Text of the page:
A seventh-grader who attends Notre Dame Academy in San Diego correctly spelled two words Wednesday in the preliminary rounds of the 89th Scripps National Spelling Bee in National Harbor, Maryland, but was unable to make the finals.
Ella Grace Peters correctly spelled "polity," meaning civil order, and "apologue," an allegorical narrative usually intended to convey a moral.
However, she missed the definition of a vocabulary word "expugnable," which means capable of being conquered. Her other vocabulary word, "allusive" -- meaning marked by indirect reference -- was correct.
Ella was one of 285 spellers from around the country who took to the stage at the Gaylord National Resort and Convention Center. The preliminary rounds cut the field to 45 for Thursday's competition.
The bass player in an all-girl rock band, the Misnomers, she qualified for the national bee by winning the San Diego County Spelling Bee on March 15. Her final word was phlegm.
The San Diego area has had two winners since the turn of the century -- Snigdha Nandipati in 2012 and Anurag Kashyap seven years earlier.
The bee is intended "to inspire children to improve their spelling, increase their vocabularies and develop correct English usage that will help them all their lives," according to Paige Kimble, the bee's executive director and 1981 champion.
The bee is limited to students in eighth grade or below, with contestants ranging in age from 6 to 15 years old.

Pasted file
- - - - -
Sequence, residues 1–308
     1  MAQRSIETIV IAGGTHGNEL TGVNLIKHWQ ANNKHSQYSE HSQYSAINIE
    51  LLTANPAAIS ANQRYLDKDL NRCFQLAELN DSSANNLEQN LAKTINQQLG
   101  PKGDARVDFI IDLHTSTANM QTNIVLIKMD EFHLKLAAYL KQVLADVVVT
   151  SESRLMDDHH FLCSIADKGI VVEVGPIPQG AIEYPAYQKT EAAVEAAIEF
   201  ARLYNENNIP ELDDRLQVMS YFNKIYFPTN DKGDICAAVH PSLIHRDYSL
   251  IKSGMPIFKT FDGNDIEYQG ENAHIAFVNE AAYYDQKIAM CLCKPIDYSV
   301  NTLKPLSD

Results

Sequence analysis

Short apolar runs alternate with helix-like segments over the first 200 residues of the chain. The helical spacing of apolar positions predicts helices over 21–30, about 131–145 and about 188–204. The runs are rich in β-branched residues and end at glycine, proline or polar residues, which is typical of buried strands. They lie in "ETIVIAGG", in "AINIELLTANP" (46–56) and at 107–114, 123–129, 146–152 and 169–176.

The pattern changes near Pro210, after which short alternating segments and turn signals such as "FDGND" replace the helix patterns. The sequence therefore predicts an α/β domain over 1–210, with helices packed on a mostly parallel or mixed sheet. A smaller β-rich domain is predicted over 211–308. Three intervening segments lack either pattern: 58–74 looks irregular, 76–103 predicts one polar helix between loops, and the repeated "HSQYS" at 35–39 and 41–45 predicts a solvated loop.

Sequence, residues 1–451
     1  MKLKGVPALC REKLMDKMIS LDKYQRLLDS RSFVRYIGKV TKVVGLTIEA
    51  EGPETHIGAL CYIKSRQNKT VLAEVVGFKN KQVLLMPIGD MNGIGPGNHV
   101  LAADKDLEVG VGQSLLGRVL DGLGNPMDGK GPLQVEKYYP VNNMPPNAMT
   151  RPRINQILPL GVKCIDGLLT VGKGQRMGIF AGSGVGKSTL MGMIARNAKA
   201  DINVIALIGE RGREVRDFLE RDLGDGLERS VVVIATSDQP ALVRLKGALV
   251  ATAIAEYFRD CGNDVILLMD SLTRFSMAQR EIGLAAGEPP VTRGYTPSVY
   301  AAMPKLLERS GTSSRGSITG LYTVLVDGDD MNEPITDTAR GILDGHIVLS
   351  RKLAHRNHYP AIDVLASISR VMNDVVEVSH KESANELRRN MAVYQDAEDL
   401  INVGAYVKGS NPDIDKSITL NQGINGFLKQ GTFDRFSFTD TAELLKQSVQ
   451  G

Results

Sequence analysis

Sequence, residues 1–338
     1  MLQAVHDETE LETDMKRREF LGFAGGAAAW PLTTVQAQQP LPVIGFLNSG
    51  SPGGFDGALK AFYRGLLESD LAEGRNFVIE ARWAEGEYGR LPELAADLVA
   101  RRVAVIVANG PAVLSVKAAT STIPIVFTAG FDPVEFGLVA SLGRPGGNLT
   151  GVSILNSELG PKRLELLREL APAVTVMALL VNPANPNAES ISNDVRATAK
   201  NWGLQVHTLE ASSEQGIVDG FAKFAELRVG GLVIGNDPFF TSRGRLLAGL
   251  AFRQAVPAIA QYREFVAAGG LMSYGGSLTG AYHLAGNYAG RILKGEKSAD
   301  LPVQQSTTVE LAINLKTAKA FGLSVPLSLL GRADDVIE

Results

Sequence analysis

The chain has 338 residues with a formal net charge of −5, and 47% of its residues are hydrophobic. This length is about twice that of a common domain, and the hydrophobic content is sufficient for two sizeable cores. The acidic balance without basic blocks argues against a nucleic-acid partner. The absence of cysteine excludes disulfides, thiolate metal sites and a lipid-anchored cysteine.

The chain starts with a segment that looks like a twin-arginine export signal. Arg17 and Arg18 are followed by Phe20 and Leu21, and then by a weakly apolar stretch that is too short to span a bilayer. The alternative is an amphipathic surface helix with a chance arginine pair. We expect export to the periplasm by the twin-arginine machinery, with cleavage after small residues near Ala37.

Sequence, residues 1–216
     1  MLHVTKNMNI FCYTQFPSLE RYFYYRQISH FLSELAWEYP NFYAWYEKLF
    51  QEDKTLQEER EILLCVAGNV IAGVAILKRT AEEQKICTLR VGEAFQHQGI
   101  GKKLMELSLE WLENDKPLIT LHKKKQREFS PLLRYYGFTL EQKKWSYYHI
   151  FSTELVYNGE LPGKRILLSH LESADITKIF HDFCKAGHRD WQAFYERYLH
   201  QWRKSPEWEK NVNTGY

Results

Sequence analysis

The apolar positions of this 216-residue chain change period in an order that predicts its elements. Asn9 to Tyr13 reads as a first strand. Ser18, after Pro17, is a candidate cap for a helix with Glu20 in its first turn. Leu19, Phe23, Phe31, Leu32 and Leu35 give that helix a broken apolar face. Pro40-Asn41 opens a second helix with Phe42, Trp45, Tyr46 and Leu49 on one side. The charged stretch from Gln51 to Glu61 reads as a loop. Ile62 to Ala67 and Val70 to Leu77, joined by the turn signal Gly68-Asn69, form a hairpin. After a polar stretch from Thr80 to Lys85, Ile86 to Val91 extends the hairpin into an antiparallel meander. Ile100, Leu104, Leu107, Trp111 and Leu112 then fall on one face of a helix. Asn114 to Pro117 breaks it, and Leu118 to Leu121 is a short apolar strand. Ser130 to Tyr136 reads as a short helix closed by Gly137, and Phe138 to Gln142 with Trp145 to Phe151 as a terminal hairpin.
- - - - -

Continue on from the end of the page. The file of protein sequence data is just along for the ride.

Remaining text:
The field consists of students who won locally sponsored bees in all 50 states and the District of Columbia, along with American Samoa, Guam, Puerto Rico, the U.S. Virgin Islands and Department of Defense schools in Europe.
Six foreign nations are also represented -- the Bahamas, Canada, Ghana, Jamaica, Japan and South Korea.
The semifinals will be shown on ESPN2 from 7-10 a.m. Thursday and the finals from 5-7 p.m. Thursday on ESPN.
The finals can also be seen on the WatchESPN app.
Throughout the bee, ESPN3 and WatchESPN will have a multiple-choice "Play-Along" version, where viewers will have a one-in-four chance to pick the correct spelling.
Informational boxes highlighting the word's etymology, definition, pronunciation and part of speech, along with live tweets and the speller's biography are also part of the "Play-Along" version.
What ESPN has dubbed as the "SpellCheck" feature has been added to the main feed, highlighting each individual letter as the speller spells the word. Correct letters will be highlighted in gold and the first letter the speller gets incorrect will be highlighted in red.
The winner will receive $40,000 from Scripps, which owns television stations, cable networks and newspapers; a $2,500 U.S. savings bond and complete reference library from the dictionary publisher Merriam-Webster; and $400 in reference works from Encyclopaedia Britannica and a three-year membership to Britannica Online Premium.